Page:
It's important to carefully check the legal and safe towing capacity of your tow vehicle as your insurance may be voided if you have an accident and the insurer is able to establish that the manufacturer's requirements were not adhered to.

unhitching caravan towbar car
It’s also important to consider power-to-weight ratio when determining whether your tow vehicle is suitable for a particular caravan. A small engine may be adequate on flat roads but have insufficient torque for hills.

Ensure your tow bar is rated for the weight of your caravan and that you have the correct tow ball. If the caravan is a home-build or custom-build or it has been imported, check that it is fully compliant for New Zealand

If you find that most caravans don’t suit your current towing capabilities and you don’t want to upgrade your vehicle, you may want to consider opting for a more lightweight camper trailer.

Wind affects caravans and motorhomes more than cars, and road conditions such as loose gravel and snow and ice can also be a challenge. Taking a defensive driving course is a good idea if you’re new to towing a caravan or driving a motorhome. Taking a towing course is also highly recommended for caravan owners. 

For caravans, it’s also important to load the vehicle in a safe manner with an even weight distribution. Read the NZTA Guide to safe loading and towing for light vehicles.

Which offers more space – a motorhome or a caravan?

Since a caravan doesn’t have a driver’s cab, all the available space can be used as living space. Therefore, a 7 metre caravan offers more usable space than a 7 metre motorhome. Most German and other European motorhome brands have incorporated the front cab into the living area to increase living space. The front seats swivel so the cab space becomes part of the lounge. Conversely, most rental motorhomes made in New Zealand simply leave the cab space unused and provide a curtain to divide it off.

If you’re planning to stay in one place for a few days, you can attach a fixed awning to the caravan to significantly increase your living space. Fixed awnings take quite a bit of setup time so they’re generally not favoured by people who are touring. Roll out awnings, which are popular for motorhoming, are much smaller than a fixed awning on a caravan. These just take a minute or two to set up and provide a degree of shelter when sitting outside. However, they can’t be used in windy conditions.

caravan with awning by actionoutdoors.kiwi
Different makes and models of caravans and motorhomes offer different layouts. Some trade off a spacious interior for comfort and convenience. A traditional New Zealand layout with a U-shaped lounge in the rear may be more spacious than a European layout with a permanent double bed in the rear. In the U-shaped lounge layout, the seat cushions are rearranged to convert to a double bed at nighttime. A permanent bed in the typical European layout has a quality comfortable mattress and requires no setup. 

The most spacious recreational vehicle is the fifth-wheeler – some of which have cavernous living space and beds to sleep up to nine.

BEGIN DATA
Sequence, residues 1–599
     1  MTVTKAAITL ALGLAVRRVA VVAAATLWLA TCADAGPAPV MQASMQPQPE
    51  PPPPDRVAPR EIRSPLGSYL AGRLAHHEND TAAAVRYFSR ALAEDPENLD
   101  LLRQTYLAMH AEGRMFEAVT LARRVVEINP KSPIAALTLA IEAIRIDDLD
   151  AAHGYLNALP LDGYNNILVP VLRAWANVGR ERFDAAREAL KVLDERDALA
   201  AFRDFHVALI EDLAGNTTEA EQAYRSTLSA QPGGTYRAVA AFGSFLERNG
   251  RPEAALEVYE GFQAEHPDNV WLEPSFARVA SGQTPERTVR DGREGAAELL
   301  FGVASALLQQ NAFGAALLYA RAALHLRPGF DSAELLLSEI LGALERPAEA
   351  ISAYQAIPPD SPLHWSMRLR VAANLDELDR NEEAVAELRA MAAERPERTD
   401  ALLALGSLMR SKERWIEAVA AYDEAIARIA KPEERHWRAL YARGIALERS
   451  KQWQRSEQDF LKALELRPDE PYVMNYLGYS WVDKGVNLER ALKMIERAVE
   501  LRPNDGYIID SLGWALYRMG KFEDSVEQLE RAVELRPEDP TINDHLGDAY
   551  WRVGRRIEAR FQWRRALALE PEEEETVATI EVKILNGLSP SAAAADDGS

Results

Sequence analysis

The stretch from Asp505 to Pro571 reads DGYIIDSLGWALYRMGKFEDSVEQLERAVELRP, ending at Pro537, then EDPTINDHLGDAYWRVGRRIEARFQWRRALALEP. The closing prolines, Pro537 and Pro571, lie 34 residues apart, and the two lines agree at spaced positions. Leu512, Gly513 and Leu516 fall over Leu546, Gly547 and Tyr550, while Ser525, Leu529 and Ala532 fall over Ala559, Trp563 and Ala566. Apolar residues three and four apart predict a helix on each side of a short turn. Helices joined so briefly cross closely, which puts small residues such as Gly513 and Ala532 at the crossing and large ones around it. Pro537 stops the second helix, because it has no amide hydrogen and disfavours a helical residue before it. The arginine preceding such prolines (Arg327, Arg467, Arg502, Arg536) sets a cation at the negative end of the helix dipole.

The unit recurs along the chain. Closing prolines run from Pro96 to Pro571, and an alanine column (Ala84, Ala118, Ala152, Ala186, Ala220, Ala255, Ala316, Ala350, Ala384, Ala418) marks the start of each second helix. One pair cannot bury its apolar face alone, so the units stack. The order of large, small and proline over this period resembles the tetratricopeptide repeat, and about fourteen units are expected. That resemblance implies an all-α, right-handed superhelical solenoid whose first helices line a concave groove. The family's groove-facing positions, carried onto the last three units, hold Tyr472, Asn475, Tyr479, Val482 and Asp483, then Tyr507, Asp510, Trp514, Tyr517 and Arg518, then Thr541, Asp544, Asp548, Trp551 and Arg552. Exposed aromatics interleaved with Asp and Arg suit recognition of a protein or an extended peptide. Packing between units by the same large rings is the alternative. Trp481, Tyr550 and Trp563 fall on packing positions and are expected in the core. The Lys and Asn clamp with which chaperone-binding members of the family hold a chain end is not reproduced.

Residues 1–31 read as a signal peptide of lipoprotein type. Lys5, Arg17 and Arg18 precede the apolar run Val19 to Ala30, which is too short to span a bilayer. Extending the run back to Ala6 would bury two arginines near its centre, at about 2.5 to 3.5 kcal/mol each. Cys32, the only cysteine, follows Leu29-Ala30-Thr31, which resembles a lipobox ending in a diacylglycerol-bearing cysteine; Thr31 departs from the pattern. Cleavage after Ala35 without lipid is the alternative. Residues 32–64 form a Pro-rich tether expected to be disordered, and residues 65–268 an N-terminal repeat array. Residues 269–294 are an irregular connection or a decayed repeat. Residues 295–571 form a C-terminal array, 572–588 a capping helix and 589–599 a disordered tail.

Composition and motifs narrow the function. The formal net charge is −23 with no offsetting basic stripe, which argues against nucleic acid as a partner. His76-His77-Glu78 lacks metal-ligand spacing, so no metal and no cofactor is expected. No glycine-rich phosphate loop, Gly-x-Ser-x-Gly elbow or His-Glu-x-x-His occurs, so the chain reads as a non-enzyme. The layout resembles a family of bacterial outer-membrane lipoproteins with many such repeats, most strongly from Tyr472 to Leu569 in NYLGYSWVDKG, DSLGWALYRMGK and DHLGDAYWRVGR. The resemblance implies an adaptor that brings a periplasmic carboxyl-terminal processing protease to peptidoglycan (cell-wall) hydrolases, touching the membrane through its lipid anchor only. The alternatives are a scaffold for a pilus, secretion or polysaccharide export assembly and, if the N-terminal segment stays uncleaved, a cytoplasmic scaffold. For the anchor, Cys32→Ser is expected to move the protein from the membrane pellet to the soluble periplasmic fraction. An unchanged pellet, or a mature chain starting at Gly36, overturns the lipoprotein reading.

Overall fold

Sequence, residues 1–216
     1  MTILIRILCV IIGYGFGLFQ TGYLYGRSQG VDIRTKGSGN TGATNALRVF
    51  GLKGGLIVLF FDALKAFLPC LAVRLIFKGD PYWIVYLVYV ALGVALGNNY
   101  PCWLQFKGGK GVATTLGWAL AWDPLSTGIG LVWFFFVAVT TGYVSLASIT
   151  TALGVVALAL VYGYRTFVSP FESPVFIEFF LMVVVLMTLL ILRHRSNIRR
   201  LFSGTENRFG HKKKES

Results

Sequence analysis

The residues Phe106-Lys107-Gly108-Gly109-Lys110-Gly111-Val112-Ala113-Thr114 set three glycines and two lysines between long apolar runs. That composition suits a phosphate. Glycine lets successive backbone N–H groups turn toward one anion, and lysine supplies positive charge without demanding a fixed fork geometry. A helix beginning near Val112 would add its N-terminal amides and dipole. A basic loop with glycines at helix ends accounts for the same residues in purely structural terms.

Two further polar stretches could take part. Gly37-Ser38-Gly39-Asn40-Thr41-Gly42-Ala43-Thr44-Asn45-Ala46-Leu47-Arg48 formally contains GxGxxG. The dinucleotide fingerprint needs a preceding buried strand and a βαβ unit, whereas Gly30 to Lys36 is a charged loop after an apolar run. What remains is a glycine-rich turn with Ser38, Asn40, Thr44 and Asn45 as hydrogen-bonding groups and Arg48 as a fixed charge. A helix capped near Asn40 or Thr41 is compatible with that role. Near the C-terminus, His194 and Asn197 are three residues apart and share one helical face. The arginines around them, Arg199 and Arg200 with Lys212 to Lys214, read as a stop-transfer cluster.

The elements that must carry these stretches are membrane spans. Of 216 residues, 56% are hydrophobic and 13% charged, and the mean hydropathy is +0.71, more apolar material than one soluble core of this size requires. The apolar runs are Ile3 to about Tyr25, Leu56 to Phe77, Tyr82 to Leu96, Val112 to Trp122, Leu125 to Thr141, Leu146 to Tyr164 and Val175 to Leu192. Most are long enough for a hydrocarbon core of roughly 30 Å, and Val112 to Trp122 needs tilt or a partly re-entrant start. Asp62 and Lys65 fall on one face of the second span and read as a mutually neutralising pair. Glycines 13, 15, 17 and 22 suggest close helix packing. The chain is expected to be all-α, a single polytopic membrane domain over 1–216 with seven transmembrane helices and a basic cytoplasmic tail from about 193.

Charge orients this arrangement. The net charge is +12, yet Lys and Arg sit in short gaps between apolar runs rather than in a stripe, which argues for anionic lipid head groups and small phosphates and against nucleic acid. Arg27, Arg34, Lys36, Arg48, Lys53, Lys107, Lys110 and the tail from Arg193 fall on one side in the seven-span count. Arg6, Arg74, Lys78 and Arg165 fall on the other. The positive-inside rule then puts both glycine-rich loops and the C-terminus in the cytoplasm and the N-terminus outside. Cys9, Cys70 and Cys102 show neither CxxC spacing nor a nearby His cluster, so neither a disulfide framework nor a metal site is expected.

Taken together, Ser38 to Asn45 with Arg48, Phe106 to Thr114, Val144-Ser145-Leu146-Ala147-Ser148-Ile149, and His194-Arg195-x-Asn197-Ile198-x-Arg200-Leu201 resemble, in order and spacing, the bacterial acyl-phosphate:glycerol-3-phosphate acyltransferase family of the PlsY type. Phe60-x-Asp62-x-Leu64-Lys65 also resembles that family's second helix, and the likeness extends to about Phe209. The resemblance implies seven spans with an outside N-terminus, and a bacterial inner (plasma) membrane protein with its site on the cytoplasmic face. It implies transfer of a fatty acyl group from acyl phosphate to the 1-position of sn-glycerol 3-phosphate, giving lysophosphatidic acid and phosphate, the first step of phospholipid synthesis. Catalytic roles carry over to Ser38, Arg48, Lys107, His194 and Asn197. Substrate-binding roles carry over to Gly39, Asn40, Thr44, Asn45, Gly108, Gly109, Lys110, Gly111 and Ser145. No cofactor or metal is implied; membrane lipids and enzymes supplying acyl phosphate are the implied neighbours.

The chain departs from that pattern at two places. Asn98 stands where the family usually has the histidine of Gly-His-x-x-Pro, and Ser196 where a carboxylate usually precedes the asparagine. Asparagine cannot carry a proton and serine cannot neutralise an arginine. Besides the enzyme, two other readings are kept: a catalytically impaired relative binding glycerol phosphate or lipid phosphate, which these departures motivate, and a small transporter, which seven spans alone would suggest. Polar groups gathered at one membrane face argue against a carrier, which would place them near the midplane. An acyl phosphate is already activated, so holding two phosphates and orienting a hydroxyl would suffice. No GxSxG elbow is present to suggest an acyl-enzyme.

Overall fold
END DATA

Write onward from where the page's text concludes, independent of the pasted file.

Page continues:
Which vehicle offers more convenience? 

For convenience, you can’t beat a motorhome. You can just hop in and drive. You can park up almost anywhere and have a cup of tea and jump into bed as soon as you arrive at your campsite. In a caravan, positioning and parking up takes a bit of extra time and effort. You’ll need to manoeuvre the caravan to ensure it is level, get out of your tow vehicle come rain or shine, unhook the caravan, put stabilisers down and set up any roll away tanks if your caravan doesn’t have onboard tanks.

Couple relaxing in motorhome bed
On the other hand, a caravan offers the flexibility and convenience of unhooking and freeing up a car to explore the local area. You can set up your base and then all or some of you can get the groceries, go for day trips and so on. When you return at the end of the day, you won’t have lost your camping space. 

If you opt for a motorhome, you can keep it parked up for the day and explore by bike or e-bike. Some larger motorhomes can tow a small vehicle which can be used for day trips.

Caravan vs motorhome – which vehicle is right for you?

Caravans are a great option for people who want a comfortable and secure place to camp for a few days or even weeks. If you want to stay in one place for a longer period and have a base to explore the local area, then a caravan is perfect. In fact, most caravans in NZ are owned by people who take them to their favourite campsite for a few weeks over the summer then use them little, if at all, for the rest of the year. 

If you prefer touring, so moving from place to place every day or two, a motorhome will be more convenient as it requires no setup time when you arrive at your campsite. A motorhome is easier to drive and can get to many places that you wouldn’t take a caravan. At the end of your day on the road, it’s easier to find a campsite for a motorhome and to manoeuvre at the campsite. If the weather is bad, you don’t need to get out of the motorhome to move on to your next spot (unless you need to disconnect from power). 

Not that long ago, you’d only see caravans on the road around Labour Weekend and then again at the end of summer. In the past couple of years, more Kiwis have started touring by caravan. In fact, caravan owners are the biggest growing segment of the New Zealand Motor Caravan Association. So a new trend is emerging! 

At the end of the day, both options are a great way to explore New Zealand. Take your time researching the options and try before you buy. There’s no better way to find out what suits your lifestyle than to take both a caravan and a motorhome away for a holiday. 

 

Download our Guide: What Motorhome Should I Buy? 

In this guide, we've tried to unpack the motorhome options available to New Zealand buyers and walk you through the pros and cons of each.



Buyers Guide